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Haunted York County: A Brief History of Crawford Road
By Nancy E. Sheppard

YCCR imageThe isolated 3.6 mile stretch through a patch of woods in York County has been the stuff of urban legends and ghost hunting. Local teens recall driving down the roadway under the cover of night to the stone, graffiti- covered bridge, hoping for a thrill of seeing otherworldly apparitions take corporal form before their eyes. With myths of nefarious KKK lynchings and other darkened deeds taking place at that same bridge, it seems to be a magnet for superstition and late-night supernatural seekers.

The truth is, many of these urban legends have very little evidence to support them. Despite the gross history the south has with racism and hate crimes, there isn’t anything clear to support the allegation that the Ku Klux Klan ever conducted meetings at the bridge nor committed horrific atrocities at the site. That being said, until the second half of the 20th century, these were deeds were not always readily included in police blotters nor newspapers. Articles from local newspapers from that era referenced Crawford Road (also called Helen Crawford Road and Crafford Road) usually have to do with a stray robbery or some sort of land transaction.

In fact, it wasn’t until the last decade of the 20th century that there murders reported along the road. On February 6, 1990, James "Jimmy” Giles was found murdered with a single gunshot wound and his wrists and legs bound. Juanito Edwards was later convicted of Mr. Giles’ murder and sentenced to two life sentences plus 22 years. There is belief that Edwards was connected to the disappearance of Newport News resident, Tanya Lane, in 1989, though he was never tried or convicted.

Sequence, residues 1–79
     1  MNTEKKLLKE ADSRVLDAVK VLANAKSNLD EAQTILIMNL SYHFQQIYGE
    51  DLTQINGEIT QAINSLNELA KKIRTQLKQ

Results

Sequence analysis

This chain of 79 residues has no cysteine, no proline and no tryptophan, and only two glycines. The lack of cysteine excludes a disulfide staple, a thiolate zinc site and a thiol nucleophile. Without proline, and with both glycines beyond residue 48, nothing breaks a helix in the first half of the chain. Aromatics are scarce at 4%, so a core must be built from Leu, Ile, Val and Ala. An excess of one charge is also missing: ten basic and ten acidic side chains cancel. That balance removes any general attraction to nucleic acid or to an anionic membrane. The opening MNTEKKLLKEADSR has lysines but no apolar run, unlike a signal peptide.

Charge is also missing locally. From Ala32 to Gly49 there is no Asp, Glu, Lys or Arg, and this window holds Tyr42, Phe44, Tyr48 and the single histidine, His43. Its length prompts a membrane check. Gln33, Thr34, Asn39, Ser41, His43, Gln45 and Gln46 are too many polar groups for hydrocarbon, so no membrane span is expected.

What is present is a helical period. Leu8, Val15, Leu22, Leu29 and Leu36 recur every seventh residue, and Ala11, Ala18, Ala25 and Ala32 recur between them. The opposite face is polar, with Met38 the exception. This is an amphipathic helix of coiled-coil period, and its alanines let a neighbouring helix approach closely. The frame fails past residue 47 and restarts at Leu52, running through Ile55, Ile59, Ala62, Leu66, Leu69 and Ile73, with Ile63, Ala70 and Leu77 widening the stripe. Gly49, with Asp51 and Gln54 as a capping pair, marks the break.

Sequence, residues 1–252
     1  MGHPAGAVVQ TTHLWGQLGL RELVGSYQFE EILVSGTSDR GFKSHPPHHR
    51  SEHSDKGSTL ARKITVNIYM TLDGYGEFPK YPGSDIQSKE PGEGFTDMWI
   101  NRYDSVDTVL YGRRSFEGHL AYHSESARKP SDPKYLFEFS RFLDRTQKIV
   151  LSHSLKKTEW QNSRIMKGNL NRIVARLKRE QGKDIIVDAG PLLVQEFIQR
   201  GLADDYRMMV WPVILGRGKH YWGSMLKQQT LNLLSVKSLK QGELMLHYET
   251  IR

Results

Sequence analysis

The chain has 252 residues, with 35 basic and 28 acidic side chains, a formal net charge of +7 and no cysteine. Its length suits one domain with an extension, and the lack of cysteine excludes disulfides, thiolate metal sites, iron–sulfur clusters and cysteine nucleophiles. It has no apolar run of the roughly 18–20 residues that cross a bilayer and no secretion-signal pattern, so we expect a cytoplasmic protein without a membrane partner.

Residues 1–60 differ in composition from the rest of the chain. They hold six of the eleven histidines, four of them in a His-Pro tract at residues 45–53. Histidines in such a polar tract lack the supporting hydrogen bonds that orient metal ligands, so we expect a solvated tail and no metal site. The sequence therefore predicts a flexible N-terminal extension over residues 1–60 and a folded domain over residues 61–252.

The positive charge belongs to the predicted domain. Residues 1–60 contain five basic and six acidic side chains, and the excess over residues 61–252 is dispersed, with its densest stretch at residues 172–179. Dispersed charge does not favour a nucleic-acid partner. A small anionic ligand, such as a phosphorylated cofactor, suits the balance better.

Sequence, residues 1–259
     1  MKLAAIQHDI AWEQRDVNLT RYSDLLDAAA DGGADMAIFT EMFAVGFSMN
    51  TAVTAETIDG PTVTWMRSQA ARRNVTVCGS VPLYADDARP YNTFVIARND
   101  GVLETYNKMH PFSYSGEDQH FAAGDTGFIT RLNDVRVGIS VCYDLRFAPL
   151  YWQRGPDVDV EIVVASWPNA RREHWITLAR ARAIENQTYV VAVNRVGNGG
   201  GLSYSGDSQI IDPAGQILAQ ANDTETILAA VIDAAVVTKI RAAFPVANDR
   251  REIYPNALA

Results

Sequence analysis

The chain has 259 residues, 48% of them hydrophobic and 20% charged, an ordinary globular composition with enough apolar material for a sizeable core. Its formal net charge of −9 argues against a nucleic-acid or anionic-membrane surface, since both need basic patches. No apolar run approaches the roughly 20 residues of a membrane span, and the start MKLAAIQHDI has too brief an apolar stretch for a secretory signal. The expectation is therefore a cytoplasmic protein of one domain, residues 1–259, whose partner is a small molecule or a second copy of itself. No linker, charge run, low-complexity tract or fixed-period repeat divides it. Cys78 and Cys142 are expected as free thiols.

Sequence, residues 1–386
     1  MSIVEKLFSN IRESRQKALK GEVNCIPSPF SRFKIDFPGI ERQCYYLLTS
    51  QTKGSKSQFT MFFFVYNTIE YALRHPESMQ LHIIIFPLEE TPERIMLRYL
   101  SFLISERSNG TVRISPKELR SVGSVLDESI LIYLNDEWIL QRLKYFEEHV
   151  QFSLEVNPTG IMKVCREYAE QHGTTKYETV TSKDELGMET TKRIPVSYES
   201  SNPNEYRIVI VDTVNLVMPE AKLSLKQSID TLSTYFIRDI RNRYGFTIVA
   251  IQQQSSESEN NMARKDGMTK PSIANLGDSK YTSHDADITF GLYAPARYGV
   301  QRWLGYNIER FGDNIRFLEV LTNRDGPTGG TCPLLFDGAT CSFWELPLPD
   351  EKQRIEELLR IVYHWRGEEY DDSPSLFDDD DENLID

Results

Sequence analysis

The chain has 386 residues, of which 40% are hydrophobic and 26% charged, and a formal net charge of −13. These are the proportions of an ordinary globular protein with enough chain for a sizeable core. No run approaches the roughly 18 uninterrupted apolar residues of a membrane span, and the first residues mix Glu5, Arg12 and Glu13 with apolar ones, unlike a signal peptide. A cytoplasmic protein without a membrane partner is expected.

In 1996, the body of Eric Nesbitt, who was stationed at Langley Air Force Base, was found along Crawford Road, shot 8 times. Daryl Atkins and William Jones were later convicted of robbing Mr. Nesbitt and murdering him.

Shawn Demonta Mabry’s body was found in March 2000 in the woods near Crawford Road. He was beaten to death and an iron stake still marks the spot where his body was found. Chad O’Handley and Jon M. Wolford were convicted of Mabry’s murder.

Lastly, 19-yearold Portsmouth resident, Austin Baxley, was found murdered on July 20, 2016. Julian Ramos was convicted in York County for Baxley’s murder.

With Crawford Road’s relatively remote location in the ever-developing landscape of York County, it provided more clandestine cover for crimes to be carried out with little chance of witnesses stumbling upon the deeds. And while it has been the scene of some of the darker moments in recent York County history, there is no substantial evidence to prove that it was ever anything more than a rural stretch of road. That being said, the allure for locals and ghost enthusiasts alike will never wain from this most darkened corner of the county.

For more notorious stories of Hampton Roads’ vibrant history, check out Nancy E. Sheppard’s new book, Hampton Roads Murder and Mayhem, due for release in local book retailers and online on October 8, 2018!


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